Hoyer couched that by emphasizing the Cubs still believe strongly in their current group but added a spark could really help.
"It's a good question, a valid question," Hoyer said on the Bernstein & McKnight Show when asked if the team has reached the point of looking at different solutions in the lineup. "I would still say this is a group that has won more games than any team really since we've been put together. So there are a lot of positives. There are some areas of frustration, like we just discussed. We haven't been very good in those (situational hitting spots). I do think we'll certainly look outside for answers. I think that whether we find those answers is a question. I think the trade market could be tough, and we're not going to make change for change's sake. But this is an offense that probably doesn't have quite the depth that (it used to have). Obviously, we certainly miss (Ben Zobrist's) presence, his quality at-bats, his on-base skills. We wouldn't be doing our job to not do our due diligence, to not think about those things externally. Whether they happen or not, I'm not sure.
"That said, I don't think that says that we don't have confidence in our guys. I think it says that's our job, to think about everything we can. If an external move makes sense to jump-start the offense, maybe we'll do that."
While the Cubs rank fifth in the National League in scoring just more than 5.0 runs per game, they're hitting .243 with runners in scoring position, a mark that ranks last in the NL. That has led to frustration, Hoyer said, and a tendency of late to lose some close games after failing to capitalize on opportunities.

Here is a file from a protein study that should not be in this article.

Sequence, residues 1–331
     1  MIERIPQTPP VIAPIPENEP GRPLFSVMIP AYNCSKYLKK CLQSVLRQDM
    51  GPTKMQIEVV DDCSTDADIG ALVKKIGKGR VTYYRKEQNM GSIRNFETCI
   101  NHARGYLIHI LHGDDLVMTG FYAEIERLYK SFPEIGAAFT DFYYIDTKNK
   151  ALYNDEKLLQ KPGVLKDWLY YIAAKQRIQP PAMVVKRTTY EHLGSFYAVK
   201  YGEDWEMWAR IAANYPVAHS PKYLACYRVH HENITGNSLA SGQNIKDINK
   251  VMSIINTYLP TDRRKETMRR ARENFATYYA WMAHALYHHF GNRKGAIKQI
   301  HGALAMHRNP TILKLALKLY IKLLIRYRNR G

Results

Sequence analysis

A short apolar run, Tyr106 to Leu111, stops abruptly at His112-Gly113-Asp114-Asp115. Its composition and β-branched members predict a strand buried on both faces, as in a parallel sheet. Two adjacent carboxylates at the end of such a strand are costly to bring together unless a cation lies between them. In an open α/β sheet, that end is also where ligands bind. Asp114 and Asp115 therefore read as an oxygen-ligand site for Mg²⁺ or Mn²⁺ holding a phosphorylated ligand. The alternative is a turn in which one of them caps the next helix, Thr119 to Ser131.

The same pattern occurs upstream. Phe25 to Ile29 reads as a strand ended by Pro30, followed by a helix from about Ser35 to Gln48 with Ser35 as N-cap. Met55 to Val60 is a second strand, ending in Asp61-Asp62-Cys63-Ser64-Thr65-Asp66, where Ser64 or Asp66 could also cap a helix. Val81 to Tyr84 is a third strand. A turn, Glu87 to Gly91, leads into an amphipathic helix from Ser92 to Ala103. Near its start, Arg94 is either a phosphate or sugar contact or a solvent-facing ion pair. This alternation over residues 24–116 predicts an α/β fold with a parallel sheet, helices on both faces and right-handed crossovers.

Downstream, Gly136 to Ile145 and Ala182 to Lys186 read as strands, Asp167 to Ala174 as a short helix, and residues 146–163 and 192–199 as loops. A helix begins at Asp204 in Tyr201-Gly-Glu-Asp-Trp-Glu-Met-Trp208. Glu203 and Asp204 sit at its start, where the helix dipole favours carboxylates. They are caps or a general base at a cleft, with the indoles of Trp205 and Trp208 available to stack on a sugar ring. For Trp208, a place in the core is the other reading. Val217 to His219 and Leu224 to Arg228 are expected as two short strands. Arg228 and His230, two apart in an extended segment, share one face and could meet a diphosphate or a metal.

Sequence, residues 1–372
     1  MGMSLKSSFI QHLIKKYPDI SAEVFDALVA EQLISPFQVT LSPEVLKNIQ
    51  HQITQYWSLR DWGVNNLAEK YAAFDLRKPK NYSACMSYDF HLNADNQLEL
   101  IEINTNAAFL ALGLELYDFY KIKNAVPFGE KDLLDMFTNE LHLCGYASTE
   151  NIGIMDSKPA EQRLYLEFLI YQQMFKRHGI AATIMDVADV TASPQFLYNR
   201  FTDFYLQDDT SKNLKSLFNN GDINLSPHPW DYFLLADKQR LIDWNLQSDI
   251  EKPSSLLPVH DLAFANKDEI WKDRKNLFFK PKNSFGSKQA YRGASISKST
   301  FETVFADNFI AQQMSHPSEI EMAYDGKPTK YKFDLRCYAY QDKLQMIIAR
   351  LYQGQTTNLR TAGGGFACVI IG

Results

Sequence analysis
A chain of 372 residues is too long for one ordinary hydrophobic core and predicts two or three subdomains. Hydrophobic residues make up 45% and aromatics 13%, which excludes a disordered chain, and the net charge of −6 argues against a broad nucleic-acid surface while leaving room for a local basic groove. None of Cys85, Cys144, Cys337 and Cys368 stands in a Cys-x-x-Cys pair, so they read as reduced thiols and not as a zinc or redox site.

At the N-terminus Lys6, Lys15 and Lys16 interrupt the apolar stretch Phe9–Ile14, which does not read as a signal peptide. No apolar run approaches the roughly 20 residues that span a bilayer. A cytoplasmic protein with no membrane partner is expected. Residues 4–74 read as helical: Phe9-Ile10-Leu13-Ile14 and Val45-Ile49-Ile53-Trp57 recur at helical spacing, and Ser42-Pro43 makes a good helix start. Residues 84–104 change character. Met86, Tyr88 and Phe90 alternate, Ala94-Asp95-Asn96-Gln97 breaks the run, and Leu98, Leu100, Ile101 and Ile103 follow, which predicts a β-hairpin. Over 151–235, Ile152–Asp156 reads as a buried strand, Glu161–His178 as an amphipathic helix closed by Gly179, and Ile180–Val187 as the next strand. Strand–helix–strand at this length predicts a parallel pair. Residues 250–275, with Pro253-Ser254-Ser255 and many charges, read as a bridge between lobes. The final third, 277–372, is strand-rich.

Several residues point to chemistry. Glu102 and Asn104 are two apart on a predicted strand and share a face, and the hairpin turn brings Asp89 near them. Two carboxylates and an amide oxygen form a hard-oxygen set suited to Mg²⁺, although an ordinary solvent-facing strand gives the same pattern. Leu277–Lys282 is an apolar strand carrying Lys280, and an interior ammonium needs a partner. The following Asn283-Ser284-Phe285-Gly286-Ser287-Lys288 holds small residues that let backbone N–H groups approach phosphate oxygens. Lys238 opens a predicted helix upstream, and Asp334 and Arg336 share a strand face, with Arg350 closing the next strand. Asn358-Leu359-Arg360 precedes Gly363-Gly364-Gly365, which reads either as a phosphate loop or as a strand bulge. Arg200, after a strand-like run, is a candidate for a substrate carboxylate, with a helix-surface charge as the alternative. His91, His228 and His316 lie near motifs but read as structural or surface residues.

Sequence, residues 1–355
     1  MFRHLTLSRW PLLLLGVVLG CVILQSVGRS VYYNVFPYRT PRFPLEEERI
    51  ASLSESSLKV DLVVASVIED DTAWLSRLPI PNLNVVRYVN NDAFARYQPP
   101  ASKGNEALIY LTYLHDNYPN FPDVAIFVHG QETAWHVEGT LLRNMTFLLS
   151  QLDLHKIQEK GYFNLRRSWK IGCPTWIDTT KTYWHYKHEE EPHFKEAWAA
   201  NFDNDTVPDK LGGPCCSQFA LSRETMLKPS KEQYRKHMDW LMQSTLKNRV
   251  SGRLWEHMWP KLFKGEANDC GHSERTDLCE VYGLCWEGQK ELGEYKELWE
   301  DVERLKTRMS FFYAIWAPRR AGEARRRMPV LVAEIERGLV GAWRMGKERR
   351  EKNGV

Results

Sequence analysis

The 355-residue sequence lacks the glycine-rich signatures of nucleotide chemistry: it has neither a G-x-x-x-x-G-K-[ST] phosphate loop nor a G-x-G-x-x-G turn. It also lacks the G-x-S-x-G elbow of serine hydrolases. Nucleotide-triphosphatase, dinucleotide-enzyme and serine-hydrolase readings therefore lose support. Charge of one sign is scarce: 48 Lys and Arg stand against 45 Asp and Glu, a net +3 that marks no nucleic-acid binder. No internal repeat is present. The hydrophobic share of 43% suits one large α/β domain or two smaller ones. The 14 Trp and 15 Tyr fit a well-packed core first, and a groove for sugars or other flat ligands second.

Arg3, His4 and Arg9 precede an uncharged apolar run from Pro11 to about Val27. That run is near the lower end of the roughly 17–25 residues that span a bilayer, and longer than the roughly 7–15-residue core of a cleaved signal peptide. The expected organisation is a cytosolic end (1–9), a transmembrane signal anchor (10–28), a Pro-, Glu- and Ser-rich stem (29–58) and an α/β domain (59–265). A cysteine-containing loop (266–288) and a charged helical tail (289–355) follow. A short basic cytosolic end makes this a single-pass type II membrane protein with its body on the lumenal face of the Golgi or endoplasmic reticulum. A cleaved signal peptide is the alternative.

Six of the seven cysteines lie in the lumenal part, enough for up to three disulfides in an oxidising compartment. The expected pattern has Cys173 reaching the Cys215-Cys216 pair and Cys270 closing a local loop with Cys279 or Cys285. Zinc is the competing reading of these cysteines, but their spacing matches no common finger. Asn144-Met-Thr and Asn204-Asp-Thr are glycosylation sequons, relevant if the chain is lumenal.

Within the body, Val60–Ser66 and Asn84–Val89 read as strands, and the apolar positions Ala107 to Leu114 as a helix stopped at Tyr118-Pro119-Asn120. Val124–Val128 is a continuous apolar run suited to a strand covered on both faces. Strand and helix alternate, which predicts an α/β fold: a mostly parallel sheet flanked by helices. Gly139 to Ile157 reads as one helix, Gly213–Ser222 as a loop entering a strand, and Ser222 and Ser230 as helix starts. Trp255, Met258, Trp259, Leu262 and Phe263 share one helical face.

The 38-year-old Zobrist would usually be a helpful contributor in such situations, but he has been on a personal leave of absence from the Cubs since early May as he goes through divorce proceedings.
The Cubs have left the door open for his return, but are they optimistic that will actually happen?
"I feel the same way I have -- we certainly hope he does," Hoyer said. "That's ultimately on him, but we are hopeful. I think in a lot of ways, some of the struggles that we've had, it helps you appreciate the mature at-bat he brings to the lineup. He does get on base. He grinds at-bats and he studies pitchers. We certainly miss that. There's no doubt. But the most important thing at this point is he and his family are in a good places."